HMS RESOLUTION

 

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HMS Resolution was a sloop of the Royal Navy, the ship in which Captain James Cook made his second and third voyages of exploration in the Pacific. She impressed him enough that he called her "the ship of my choice", and "the fittest for service of any I have seen."

 

She began her career as the North Sea collier Drake, launched at Whitby in 1770, was renamed Marquis of Granby, and purchased by the Royal Navy in 1772. She was fitted out at Deptford with the most advanced navigational aids of the day, including a Gregory Azimuth Compass, ice anchors and the latest apparatus for distilling fresh water from sea water. Twelve light 6-pound guns and twelve swivel guns were carried. At his own expense Cook had brass door-hinges installed in the great cabin. Resolution cost the Admiralty 4,151. It was originally planned that the naturalist Joseph Banks with an appropriate entourage would sail with Cook, so a heightened waist, an additional upper deck and a raised poop deck were built to suit Banks. However, in sea trials the ship was found to be top-heavy, and under Admiralty instructions the offending structures were removed. Banks refused to travel under the resulting "adverse conditions" and was replaced by Johann Reinhold Forster and his son, George. The conversion had cost a further 6,565.

 

 

HMS Resolution Captain James Cook in Matavai Bay Tahiti painting by Hodges

 

HMS Resolution of 1773 - Tahiti, Matavai Bay

 

 

When she sailed from Plymouth on July 13, 1772 with HMS Adventure, her complement totaled 112, including 20 volunteers who had sailed on Cook's first voyage in HMS Endeavour in 17681771. On Resolution's second voyage (Cook's third voyage) she again carried 112.

 

On his first voyage Cook had calculated longitude by the usual method of lunars but on her second voyage the Board of Longitude sent William Wales, a highly qualified astronomer, with Cook and entrusted a new chronometer, the K1, recently completed by Larcum Kendall, together with three chronometers made by John Arnold of Aldophi. Kendall's K1 was remarkably accurate and was to prove to be most efficient in determining longitude on board Resolution.

 

On January 17, 1773, Resolution was the first ship to cross the Antarctic Circle and crossed twice more on the voyage. The third crossing, on February 3, 1774, was the most southerly penetration, reaching latitude 7110′ South at longitude 10654′ West. Resolution thus proved Alexander Dalrymple's Terra Australis Incognita to be a myth. On Cook's third voyage, Resolution crossed the Arctic Circle on August 17, 1778, and again crossed it on July 19, 1779, under the command of Charles Clerke after Cook's death.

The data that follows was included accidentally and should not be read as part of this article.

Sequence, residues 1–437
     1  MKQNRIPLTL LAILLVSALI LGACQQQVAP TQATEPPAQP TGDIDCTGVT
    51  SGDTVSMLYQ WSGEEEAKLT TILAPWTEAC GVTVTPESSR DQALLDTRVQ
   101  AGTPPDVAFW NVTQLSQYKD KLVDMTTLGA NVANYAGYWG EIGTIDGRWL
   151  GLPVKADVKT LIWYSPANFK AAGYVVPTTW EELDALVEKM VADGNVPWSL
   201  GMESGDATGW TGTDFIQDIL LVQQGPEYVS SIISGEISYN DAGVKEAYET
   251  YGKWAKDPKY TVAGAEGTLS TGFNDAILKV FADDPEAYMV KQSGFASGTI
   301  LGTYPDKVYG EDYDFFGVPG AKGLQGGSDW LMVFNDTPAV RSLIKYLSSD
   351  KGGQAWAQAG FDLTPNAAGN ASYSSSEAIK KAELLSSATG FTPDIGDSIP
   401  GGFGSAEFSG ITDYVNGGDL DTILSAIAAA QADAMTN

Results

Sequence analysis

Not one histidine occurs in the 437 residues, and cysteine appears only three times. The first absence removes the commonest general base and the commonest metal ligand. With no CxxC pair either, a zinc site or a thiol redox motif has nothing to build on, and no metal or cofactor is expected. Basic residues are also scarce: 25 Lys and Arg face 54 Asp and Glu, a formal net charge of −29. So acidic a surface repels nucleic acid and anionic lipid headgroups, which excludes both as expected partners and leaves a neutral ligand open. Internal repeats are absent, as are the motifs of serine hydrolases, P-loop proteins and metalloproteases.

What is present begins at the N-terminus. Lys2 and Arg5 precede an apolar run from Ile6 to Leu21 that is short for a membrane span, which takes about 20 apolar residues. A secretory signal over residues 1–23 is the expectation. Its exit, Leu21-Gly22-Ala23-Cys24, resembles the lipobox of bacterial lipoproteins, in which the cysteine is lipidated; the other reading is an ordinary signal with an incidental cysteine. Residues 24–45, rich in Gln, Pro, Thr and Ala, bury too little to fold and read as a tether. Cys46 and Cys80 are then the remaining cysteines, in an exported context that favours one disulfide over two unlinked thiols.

In 1780, Resolution was converted into an armed transport and sailed for the East Indies in March 1781. She was captured by the Sphinx of de Suffren's squadron on June 9, 1782. After the action at Negapatam on 6 July 1782, Resolution was sent to Manila for wood, biscuit and rigging, and to enter any seaman she found there. She sailed on July 22, 1782 and was never seen again.

 

On June 5, 1783 de Suffren wrote that Resolution was last seen in the Sunda Strait, and that he suspected that she had either foundered or fallen into the hands of the English. An item from the Melbourne Argus, February 25, 1879, says that she ended her days as a Portuguese coal-hulk at Rio de Janeiro, but this has never been confirmed. Viscount Galway, a Governor-General of New Zealand, owned a ship's figurehead described as that of Resolution, but a photograph of it does not agree with the figurehead depicted in Holman's famous water-colour of her. Wikipedia GNU credit

 

 

General Characteristics

  • Lower deck length: 110 ft 8 in (33.73 m)

  • Keel: 93 ft 6 in (28.50 m)

  • Maximum beam: 35 ft (11 m)

  • Draft: 13 ft (4.0 m)

 

HMS Resolution 1678 storm painting

 

HMS Resolution of 1678

 

 

 

 

 


 

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